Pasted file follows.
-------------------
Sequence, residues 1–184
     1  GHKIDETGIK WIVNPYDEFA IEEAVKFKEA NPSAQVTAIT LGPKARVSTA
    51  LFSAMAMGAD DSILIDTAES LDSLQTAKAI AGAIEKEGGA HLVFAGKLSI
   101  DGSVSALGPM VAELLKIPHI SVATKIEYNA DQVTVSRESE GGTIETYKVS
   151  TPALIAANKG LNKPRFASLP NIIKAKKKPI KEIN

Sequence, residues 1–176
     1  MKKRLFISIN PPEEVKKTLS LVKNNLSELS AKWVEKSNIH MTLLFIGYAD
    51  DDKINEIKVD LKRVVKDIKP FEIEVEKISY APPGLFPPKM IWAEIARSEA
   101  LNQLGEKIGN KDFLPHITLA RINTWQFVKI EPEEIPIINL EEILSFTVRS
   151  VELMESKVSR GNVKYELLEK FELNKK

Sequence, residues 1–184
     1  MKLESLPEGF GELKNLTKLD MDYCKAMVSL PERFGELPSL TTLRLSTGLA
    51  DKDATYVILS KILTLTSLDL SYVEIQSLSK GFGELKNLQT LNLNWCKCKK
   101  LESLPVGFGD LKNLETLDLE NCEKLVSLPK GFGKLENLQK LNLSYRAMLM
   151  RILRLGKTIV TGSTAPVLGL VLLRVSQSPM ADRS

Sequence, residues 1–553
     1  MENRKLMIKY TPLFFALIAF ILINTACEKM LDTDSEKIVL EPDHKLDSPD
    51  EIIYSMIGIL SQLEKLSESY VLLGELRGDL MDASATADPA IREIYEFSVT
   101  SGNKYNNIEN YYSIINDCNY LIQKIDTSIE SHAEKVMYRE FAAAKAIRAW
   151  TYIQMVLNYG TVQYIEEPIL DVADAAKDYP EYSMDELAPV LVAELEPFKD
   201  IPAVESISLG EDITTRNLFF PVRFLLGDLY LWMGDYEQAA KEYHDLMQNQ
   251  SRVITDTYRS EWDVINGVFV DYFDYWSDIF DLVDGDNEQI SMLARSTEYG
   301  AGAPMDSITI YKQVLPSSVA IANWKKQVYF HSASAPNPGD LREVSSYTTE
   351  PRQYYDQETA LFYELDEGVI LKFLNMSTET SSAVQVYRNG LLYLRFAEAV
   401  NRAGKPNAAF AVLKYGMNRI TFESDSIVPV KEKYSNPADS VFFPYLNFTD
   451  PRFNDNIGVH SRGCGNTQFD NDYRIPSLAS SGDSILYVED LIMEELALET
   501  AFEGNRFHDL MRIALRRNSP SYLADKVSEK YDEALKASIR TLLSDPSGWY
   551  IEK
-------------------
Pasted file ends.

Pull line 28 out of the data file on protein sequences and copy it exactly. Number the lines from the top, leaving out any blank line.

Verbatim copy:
   551  IEK